North Korea is operating several secret missile operations sites, according to a watchdog group.
The Beyond Parallel project of the Center for Strategic and International Studies has identified 13 “of an estimated 20 North Korean missile operating bases that are undeclared by the government.
“The dispersed deployment of these bases and distinctive tactics employed by ballistic missile units are combined with decades of extensive camouflage, concealment and deception practices to maximize the survival of its missile units from preemptive strikes and during wartime operations,” the group said in a report on its website, estimating that North Korea has between 15 and 20 missile operating bases.
The report noted that although these sites could be used to launch missiles in an emergency, that is not their primary function. The sites are “permanent facilities that contain a unit’s headquarters, barracks, housing, support, maintenance, and storage facilities,” the report said.
The report was the subject of an article in The New York Times, which said 16 facilities exist and framed its report in terms of whether North Korea was fooling the U.S. by saying it would do one thing while doing another.
“Despite the difference in interpretation between the US government and the North Koreans over what these declarations have meant, the Singapore declaration and the new Korean declaration, for North Korea watchers it has been pretty clear that the North has not been willing to give up its entire nuclear program,” Lisa Collins, one of the authors of the report, told CNN.
“It’s not like these bases have been frozen,” Victor Cha, who helped write the report, told The New York Times. “Work is continuing. What everybody is worried about is that Trump is going to accept a bad deal — they give us a single test site and dismantle a few other things, and in return they get a peace agreement.”
He said his fear is that President Donald Trump, who has been seeking to denuclearize the Korean Peninsula, “would then declare victory, say he got more than any other American president ever got, and the threat would still be there.”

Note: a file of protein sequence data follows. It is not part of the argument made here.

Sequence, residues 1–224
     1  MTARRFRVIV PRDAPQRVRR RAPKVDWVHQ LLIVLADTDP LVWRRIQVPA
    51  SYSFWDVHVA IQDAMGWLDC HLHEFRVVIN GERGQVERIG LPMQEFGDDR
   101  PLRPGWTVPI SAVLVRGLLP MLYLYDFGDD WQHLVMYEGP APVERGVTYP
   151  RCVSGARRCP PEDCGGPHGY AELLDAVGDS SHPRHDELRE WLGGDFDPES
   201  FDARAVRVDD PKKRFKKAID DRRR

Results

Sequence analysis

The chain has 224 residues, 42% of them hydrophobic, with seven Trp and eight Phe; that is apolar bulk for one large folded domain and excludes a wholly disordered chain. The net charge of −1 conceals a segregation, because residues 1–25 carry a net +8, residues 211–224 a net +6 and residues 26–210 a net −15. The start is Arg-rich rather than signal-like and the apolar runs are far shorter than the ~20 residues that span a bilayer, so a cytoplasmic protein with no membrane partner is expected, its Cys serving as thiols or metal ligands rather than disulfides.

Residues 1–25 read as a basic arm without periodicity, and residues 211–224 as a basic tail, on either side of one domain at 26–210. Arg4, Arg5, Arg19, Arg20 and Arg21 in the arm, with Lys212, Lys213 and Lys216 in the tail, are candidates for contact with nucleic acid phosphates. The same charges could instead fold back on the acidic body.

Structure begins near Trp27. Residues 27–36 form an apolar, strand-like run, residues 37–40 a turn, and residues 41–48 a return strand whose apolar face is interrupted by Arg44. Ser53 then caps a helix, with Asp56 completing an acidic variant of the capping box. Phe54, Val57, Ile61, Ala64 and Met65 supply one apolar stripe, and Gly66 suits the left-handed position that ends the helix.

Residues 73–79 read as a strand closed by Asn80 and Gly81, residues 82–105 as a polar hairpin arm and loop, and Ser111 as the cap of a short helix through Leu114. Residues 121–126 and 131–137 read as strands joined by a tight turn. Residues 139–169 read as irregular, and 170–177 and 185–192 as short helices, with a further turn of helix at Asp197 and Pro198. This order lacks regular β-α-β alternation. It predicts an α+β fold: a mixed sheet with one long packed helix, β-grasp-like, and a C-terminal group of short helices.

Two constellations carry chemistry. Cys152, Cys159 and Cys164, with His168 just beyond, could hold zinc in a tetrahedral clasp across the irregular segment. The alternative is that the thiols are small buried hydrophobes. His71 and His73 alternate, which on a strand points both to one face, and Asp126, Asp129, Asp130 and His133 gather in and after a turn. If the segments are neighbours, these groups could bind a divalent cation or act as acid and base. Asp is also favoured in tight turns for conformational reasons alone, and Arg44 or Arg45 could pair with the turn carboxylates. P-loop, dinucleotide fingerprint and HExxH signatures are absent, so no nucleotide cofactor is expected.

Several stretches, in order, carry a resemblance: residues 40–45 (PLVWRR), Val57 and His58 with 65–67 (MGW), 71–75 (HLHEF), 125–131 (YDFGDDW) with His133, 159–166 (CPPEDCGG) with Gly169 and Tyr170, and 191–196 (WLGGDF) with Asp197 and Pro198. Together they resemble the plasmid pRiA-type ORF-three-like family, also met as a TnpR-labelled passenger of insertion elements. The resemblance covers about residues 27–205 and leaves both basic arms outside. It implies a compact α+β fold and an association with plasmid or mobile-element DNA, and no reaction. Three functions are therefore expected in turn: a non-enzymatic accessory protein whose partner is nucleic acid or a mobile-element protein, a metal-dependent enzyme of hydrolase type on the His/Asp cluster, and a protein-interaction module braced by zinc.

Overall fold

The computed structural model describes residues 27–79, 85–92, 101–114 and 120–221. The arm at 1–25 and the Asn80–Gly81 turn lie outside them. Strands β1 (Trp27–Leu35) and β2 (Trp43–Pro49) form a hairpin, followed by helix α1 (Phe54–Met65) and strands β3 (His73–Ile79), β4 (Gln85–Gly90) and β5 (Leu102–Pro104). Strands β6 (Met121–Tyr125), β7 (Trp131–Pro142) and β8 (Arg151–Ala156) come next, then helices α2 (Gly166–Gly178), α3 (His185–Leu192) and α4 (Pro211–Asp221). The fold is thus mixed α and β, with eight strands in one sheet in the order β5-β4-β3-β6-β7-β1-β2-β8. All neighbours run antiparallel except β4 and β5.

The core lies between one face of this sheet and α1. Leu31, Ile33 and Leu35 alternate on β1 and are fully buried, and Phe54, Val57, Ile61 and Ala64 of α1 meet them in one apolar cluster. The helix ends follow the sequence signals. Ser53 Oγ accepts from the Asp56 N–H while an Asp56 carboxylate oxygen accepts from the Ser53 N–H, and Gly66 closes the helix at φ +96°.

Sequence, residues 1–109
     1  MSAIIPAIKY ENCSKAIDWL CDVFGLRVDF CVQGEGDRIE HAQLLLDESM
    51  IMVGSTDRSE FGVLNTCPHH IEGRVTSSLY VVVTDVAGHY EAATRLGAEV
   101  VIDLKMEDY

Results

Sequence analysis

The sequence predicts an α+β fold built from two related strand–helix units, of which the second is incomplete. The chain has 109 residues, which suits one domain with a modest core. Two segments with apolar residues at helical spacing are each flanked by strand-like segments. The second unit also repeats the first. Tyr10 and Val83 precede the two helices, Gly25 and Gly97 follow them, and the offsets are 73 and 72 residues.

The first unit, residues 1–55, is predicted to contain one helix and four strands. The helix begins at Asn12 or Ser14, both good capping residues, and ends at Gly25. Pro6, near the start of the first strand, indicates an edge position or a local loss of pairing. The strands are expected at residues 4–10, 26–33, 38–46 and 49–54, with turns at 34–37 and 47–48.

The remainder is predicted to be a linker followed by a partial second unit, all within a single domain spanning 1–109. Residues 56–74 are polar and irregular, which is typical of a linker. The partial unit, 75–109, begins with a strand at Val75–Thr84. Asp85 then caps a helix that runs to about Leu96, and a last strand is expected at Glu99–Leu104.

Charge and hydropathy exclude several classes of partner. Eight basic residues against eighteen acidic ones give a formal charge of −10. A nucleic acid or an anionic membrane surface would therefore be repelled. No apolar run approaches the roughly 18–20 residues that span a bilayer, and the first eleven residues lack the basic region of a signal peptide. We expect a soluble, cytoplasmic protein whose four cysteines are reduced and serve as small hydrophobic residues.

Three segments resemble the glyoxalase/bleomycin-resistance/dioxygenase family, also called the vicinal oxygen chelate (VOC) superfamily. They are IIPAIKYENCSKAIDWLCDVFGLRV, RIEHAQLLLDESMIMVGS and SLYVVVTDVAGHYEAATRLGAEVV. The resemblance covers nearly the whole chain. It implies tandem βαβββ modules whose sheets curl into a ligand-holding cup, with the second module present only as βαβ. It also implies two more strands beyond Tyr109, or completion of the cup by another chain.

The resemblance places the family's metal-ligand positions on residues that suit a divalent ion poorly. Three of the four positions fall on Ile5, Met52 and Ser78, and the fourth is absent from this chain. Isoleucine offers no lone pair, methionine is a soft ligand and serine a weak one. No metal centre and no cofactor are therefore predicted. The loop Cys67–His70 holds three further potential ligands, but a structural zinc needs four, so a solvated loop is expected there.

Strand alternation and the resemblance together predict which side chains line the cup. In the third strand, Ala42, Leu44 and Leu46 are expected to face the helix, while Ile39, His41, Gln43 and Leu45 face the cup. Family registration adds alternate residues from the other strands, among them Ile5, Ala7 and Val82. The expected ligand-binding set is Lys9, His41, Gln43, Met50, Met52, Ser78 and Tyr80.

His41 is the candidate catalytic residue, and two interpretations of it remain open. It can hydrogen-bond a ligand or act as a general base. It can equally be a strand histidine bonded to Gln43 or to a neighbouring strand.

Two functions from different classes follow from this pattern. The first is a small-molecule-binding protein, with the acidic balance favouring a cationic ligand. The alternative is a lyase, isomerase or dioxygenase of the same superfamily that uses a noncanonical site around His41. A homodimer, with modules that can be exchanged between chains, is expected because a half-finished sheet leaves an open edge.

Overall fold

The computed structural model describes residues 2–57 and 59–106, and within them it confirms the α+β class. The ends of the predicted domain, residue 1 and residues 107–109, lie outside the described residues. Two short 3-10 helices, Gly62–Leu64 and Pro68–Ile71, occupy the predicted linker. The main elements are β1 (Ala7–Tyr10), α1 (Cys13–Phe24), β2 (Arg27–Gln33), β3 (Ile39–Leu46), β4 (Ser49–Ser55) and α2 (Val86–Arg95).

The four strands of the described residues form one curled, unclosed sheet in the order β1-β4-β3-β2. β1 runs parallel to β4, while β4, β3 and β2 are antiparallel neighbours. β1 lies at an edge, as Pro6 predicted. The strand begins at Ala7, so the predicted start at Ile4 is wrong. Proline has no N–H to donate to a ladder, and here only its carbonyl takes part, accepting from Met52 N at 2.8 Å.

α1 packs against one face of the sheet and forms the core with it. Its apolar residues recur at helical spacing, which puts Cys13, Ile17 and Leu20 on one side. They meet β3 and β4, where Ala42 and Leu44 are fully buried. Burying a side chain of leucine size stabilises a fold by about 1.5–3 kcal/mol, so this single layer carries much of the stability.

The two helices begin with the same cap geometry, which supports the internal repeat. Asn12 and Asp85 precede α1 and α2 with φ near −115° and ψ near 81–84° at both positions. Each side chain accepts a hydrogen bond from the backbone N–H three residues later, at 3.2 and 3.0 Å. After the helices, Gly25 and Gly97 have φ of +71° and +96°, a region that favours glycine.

The State Department, however, said the sites are already on Trump’s list of sites that must be closed.
“President Trump has made clear that should Chairman Kim follow through on his commitments, including complete denuclearization and the elimination of ballistic missile programs, a much brighter future lies ahead for North Korea and its people,” it said in a statement to The Times.
Negotiations between the United States and North Korea over disarmament have stalled, leading to the cancellation of the latest round of talks.
State Department spokesperson Heather Nauert said the meeting that was set for last Thursday in New York but was canceled “will now take place at a later date,” Fox News reported.
The Times, which said North Korea was perpetrating a “great deception” upon the U.S., noted that the report was downplayed by South Korean President Moon Jae-in, whose office said the bases were common knowledge to government officials.
“North Korea has never promised to dismantle its missile bases, nor has it ever joined any treaty that obligates it to dismantle them. So calling this a ‘deception’ is not appropriate,” said Kim Eui-kyeom, Mr. Moon’s spokesman. “If anything, the existence of these missile bases highlights the need for negotiation and dialogue, including those between the North and the United States, to eliminate the North Korean threat.”
Collins said she feared North Korea would try to out-maneuver the U.S. in future negotiations.
“There have to be working-level talks, but the North Koreans are clearly targeting a big package deal, for them, which can only happen if President Trump is there to make the decision,” Collins said. “But I think the U.S. has been very cautious and careful to keep the negotiations moving forward at the working level and try not to have President Trump jump every time there is an offer.”
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